66. Leadership thinking for small business (part 1)
We have been looking at some of the motivational theories and how they apply to small business. In the area of leadership, the gurus come by the pile, with lots of theory and not much evidence. What it is critical for a small business to know is that leadership is not the same as management, and that even a one man band needs leadership.
Leadership is about direction; in a business choosing an appropriate path in given circumstances and guiding the business along it. Management is about making the practical stuff happen, handling situations. Even a one-man band can have a problem of leadership if, as so often happens, the owner becomes so engrossed in managing that he ceases to have a direction. And of course, if the business involves any more than one person, the problems of leadership take on a whole new dimension of differing aims, aspirations, views of the world etc. (and sometimes it can be easier to lead 200 people than one person!)
So leadership is relevant, however large or small your business is. So let’s have a quick scan of theories.
Originally there were the Great Man theories that leaders are born not made, and theorists studied their characteristics. This led to Traits Theories – that leadership can be defined by certain traits and skills – this had so many answers that it did not lead anywhere. These theories were about identifying leaders. But it encouraged the Behavioural Theorists (on the back of McGregor’s Theory X and Y see earlier blog). An example is Blake & Mouton’s Managerial Grid, which looks at the concern for people and for output as the two axes on a grid where managers can be defined by their style. This raised the question of whether one style was more suited to a particular situation than another and led to Situational Theories so that by identifying the situation one could adopt an appropriate style. Then Transactional Theories look at how the leader and the group interact. Increasingly we have gone from identifying to learning how to.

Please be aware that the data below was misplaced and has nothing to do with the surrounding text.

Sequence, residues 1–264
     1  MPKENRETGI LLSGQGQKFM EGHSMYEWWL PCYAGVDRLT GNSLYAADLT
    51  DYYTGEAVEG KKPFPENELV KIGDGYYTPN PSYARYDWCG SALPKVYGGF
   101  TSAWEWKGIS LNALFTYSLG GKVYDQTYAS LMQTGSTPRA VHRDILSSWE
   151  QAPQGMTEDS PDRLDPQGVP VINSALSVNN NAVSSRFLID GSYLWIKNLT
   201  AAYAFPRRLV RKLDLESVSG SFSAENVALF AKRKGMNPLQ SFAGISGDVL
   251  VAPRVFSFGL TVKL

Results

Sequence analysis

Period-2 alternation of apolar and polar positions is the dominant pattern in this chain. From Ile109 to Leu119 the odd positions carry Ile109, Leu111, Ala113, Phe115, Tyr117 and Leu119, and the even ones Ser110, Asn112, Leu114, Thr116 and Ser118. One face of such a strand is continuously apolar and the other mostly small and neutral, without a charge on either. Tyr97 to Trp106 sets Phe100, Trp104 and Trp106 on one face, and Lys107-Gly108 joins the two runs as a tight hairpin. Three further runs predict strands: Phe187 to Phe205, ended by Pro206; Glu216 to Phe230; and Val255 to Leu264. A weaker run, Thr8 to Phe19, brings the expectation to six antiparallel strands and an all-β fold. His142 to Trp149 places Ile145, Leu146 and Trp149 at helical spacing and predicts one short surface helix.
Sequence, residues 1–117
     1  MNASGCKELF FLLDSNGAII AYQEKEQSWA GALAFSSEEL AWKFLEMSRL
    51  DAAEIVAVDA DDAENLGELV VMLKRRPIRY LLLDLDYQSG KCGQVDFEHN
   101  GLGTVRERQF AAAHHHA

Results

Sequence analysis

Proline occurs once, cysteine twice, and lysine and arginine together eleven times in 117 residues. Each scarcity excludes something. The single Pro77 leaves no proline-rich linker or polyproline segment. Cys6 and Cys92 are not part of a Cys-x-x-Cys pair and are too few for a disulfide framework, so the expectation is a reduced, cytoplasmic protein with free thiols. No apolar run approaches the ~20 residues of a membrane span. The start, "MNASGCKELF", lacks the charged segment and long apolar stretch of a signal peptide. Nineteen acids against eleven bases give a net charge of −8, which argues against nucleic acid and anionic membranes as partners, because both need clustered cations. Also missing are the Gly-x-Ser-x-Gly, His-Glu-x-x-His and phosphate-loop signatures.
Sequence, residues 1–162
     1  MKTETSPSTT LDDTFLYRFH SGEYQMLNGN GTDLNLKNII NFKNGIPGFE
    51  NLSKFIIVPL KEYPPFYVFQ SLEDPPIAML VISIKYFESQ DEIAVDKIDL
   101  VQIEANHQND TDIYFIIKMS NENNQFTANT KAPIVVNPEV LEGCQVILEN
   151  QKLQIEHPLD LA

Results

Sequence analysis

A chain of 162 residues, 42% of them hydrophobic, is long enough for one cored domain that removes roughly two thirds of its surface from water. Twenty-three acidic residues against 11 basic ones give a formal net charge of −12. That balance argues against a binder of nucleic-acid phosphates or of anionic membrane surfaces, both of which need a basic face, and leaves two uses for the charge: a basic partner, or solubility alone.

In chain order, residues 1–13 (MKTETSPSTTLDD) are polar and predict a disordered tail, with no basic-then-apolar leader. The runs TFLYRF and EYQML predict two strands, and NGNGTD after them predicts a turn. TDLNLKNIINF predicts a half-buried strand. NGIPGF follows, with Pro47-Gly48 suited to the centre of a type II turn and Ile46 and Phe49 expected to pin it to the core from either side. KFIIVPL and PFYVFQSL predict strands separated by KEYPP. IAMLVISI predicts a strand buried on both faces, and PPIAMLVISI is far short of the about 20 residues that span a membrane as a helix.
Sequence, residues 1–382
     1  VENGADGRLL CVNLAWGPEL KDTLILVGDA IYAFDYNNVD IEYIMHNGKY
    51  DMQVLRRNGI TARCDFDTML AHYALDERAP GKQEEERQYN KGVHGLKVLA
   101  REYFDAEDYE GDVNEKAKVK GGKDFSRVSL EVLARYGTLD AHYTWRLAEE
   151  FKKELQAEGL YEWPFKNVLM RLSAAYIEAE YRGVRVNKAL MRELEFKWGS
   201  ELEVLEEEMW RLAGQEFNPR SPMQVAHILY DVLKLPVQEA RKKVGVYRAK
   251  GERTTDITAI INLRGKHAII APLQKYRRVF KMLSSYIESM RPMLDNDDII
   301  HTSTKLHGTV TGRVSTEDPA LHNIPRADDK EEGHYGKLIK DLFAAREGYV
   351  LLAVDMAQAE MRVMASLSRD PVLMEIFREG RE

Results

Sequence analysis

Perhaps one of the most influential of the theories has been John Adair’s Action-Centred Leadership model which looks at the leader’s role in three overlapping dimensions: achieving the task, building the group to deliver it, and supporting and developing individuals within the group. It is focused on skills which can be learned; a person can learn to be an effective leader.
We can look at this in the context of a small business such as a shop. The first leadership dimension is the task: probably initially a marketing one of deciding where the shop fits in the competitive environment, what image it needs to portray and what values it has. (In a large organisation this might be a team activity but most usually not in a small business). Without some vision of how the business should be and where it should go, there can be no leadership, as this implies direction.
The second leadership dimension is the team, getting the staff to buy into this overall concept of the business and where you are trying to go. Without the commitment of staff, you end up with a business that sends out mixed messages (The newsletter from the WOW Awards for customer service today gave the example of 2 uniformed staff from a health foods shop standing smoking outside the front door!).
The third leadership dimension is working with individuals to contribute as much as they are able, and at least as much as is required, to achieve the results you want. This might, for instance, involve developing one person into a supervisory role for when you are not there, or developing specific skills for certain tasks.
Where does leadership stop and management begin? Does it matter? But whether you employ people or are on your own, setting the direction and making sure the motivation is there is clearly separate from making it happen, and it is particularly crucial that managing the day-to-day does not happen instead of determining the course and ensuring the resources are there to reach the destination, but as well as.